Residents Demand Answers at Council Meeting on Police Killing of Sayed Faisal
Bob Odenkirk Named Hasty Pudding Man of the Year
Harvard Kennedy School Dean Reverses Course, Will Name Ken Roth Fellow
Ex-Provost, Harvard Corporation Member Will Investigate Stanford President’s Scientific Misconduct Allegations
Harvard Medical School Drops Out of U.S. News Rankings
Despite rough conditions on the Charles River, Radcliffe’s heavyweight first varsity eight (7-4) toppled Yale (6-3) for the first time since 2003 on Saturday.
The victory over the defending NCAA champions came at a crucial moment in the season, as the team heads to the EAWRC Sprints in less than a month.
“We went out with the mindset of racing our own race [and] not focusing what was going on around us, whether it was the weather or the other team,” said junior five seat Liz Soutter. “Instead, we focused on making our boat go fast no matter what.”
As usual, the Ivy League is fielding some of the fastest boats in the country with four schools sitting in the top ten in CRCA/USRowing Coaches’ Poll: No. 1 Princeton, No. 6 Brown, No. 8 Yale, and No. 10 Cornell. The Black and White, currently ranked 16th, missed out on the NCAA championships last year, but this year could be a different story.
“This win has definitely given us a huge confidence boost,” Soutter said. “Yale is one of our toughest competitors and edging them out has helped us bring the NCAA into our sight more clearly … and that’s been our goal for this entire year.”
Radcliffe trailed the Bulldogs early until a late push shot the Black and White ahead to defeat Yale by three seconds and six seats.
“We got down in the first 500 … but coming into the 1000-meter mark we all knew what we had to do,” said co-captain and stroke Liv Coffey. “And we knew that Yale couldn’t hold us back. Going into the second half of the third 500, we made a press and came even with them, … and at that point, I think, Yale just cracked.”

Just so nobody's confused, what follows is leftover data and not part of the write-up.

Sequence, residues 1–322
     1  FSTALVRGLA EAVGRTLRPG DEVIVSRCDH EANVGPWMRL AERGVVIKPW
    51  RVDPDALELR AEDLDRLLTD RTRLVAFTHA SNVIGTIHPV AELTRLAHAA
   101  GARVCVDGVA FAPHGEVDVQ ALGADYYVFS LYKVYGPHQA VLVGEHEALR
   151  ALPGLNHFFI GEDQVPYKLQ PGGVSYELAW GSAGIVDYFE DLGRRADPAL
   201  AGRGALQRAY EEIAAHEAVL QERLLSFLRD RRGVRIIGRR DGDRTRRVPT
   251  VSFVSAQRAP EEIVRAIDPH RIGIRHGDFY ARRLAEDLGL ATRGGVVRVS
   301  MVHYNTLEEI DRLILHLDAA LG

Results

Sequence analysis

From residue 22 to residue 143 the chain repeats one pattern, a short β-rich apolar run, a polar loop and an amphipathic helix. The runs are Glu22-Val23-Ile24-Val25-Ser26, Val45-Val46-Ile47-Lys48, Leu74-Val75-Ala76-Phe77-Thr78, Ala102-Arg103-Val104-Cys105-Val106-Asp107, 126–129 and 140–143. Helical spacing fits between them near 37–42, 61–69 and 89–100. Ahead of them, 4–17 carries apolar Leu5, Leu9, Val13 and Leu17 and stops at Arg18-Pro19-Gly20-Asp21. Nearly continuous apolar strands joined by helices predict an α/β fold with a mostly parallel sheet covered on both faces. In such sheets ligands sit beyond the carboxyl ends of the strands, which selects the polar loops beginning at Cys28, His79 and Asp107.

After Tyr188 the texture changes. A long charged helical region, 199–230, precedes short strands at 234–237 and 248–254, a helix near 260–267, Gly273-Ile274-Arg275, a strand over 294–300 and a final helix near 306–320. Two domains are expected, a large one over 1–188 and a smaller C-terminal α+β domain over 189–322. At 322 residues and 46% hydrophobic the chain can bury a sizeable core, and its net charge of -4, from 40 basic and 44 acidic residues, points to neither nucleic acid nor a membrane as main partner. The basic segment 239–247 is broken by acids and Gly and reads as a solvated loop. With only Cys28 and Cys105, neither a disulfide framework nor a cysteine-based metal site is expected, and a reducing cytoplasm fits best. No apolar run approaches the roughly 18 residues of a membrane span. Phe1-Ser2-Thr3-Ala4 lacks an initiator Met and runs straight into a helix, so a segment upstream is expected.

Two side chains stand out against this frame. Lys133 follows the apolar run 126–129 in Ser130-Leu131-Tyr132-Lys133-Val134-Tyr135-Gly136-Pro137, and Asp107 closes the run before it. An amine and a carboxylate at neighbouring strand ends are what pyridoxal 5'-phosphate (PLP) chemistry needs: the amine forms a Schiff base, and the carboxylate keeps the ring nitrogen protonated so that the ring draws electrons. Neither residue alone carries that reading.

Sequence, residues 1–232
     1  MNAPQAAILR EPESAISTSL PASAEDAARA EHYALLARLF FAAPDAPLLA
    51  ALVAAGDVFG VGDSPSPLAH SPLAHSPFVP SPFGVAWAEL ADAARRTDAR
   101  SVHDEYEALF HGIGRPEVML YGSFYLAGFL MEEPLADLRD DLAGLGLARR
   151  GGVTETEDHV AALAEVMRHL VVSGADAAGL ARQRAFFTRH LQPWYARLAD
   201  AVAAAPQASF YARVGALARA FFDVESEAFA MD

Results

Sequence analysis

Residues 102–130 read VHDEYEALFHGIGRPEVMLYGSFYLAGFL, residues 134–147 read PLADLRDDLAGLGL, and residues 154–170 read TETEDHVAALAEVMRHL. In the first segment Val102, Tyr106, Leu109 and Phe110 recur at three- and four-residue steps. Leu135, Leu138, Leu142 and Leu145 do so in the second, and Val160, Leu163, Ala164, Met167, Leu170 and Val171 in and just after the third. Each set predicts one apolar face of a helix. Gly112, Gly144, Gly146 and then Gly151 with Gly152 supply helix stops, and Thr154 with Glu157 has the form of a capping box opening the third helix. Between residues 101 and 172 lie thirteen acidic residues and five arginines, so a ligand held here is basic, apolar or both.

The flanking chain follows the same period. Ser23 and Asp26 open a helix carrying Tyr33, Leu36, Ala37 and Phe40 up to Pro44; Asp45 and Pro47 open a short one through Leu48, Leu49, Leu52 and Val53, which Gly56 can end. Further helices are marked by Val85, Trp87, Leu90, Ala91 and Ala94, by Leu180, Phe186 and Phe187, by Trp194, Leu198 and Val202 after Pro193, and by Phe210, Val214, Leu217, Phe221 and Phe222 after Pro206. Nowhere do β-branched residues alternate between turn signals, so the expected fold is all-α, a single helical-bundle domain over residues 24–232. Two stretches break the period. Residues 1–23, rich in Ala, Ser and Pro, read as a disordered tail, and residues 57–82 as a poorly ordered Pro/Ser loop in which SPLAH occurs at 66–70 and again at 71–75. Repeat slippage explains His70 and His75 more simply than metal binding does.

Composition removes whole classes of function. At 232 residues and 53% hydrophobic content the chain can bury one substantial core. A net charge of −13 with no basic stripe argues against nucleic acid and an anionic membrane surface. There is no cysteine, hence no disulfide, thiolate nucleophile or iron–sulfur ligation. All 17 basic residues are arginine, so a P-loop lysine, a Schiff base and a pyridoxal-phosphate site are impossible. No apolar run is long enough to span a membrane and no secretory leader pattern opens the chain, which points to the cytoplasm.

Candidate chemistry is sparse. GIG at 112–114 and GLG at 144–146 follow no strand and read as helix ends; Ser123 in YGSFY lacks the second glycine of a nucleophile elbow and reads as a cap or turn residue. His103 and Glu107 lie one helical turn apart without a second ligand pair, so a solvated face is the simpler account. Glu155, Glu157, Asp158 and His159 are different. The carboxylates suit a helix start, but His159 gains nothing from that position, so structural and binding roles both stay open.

“There was no specific move that helped us move through Yale,” Soutter added. “But every move and stroke was powerful, so that during the second half of the race we were consistently moving through them. Yale wasn’t really moving consistently. They were just pushing a little for 10 strokes and then holding while we just got faster throughout the entire race, and we were able to shake them through the finish.”
On Saturday, the boat was composed of junior coxswain Jill Carlson, Coffey at stroke, sophomore Shelley Pearson in the seven seat, freshman Katie Wilcox in six, Soutter in five, sophomore Celia Kohl in four, sophomore Scout Moran in three, sophomore Mary Maginnis in two, and junior Christina McClintock, who is also a Crimson sports editor, in bow.
“Rowing’s a thing where you’re only as good as your collective speed,” Coffey said. “You can’t really pick one person out and say, ‘Oh you definitely pulled harder than everybody else.’”
The boat has been rowing together all spring and has come together both on and off the water.
“If you have a strong group, it just means you’re going to be successful,” Coffey said. “Our boat is filled with really competitive, really successful girls who have raced at all different levels. I go into a race completely confident that they know what’s going to go on and that they can react to basically any situation.”
This group mentality has helped the Black and White both in competition on the water and in long conditioning sessions.
“I think that everyone on the team has a lot of respect for each other,” Coffey said. “Everyone’s been willing to work very hard.”
The rowers’ respect for each other has made itself evident in the group’s attitude towards competition as well.
“The theme for our boat this whole season has been to be fearless no matter what,” Soutter said. “We’ve had some pretty scary racing conditions and gone up against some really tough crews, but we’ve never gone into a race feeling daunted. We always go in laying everything out on the line, and we never hold back. If you put your best into every single stroke, you’re never going to regret your race when you finish.”
The team’s audacity on the water is accentuated by the fact that it fields a young squad.
“Our team is very young, so I knew that our season would get off to a slow start,” Coffey said. “But we’re getting faster, like you usually do over the course of a season, but even more so this year. As the younger girls are getting more experienced, we’re going to get a lot of speed going into those championship races.”
Want to keep up with breaking news? Subscribe to our email newsletter.